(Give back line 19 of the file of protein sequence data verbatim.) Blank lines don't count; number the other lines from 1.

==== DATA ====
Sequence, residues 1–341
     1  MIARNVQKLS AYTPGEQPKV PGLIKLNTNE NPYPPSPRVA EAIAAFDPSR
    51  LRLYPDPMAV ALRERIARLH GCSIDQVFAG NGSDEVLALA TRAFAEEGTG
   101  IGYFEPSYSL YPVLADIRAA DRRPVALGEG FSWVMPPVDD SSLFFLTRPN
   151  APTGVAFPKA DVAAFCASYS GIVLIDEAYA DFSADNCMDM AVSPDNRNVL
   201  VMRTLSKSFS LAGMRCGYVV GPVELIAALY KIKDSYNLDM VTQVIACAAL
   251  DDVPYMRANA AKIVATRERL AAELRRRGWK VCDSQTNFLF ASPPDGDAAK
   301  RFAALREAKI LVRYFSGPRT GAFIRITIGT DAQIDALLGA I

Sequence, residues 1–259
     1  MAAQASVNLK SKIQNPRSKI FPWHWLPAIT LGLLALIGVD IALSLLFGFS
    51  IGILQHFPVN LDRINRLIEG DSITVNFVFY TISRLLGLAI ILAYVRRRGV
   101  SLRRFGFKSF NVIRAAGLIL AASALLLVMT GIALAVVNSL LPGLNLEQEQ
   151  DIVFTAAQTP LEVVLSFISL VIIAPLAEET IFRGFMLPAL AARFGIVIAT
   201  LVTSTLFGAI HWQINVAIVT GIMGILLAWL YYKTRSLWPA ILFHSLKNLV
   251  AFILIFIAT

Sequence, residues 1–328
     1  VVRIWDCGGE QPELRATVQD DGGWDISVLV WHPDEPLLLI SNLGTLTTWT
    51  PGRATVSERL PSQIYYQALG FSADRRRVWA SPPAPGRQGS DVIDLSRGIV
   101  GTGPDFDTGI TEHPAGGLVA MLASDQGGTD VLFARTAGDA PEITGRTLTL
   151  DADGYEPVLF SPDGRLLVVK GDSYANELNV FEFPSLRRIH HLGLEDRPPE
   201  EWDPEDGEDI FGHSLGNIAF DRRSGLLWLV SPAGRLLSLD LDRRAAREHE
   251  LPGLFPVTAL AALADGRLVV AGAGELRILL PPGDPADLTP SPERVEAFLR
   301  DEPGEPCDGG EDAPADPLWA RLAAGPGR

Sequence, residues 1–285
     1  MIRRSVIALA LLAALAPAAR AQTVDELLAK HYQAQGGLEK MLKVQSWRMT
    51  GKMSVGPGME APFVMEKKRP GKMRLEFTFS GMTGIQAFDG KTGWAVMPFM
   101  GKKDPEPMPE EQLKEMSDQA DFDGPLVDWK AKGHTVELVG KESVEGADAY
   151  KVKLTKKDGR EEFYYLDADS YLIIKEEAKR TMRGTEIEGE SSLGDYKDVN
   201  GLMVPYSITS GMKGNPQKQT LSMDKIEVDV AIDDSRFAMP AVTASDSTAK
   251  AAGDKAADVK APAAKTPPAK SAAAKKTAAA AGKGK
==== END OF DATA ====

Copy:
   101  GTGPDFDTGI TEHPAGGLVA MLASDQGGTD VLFARTAGDA PEITGRTLTL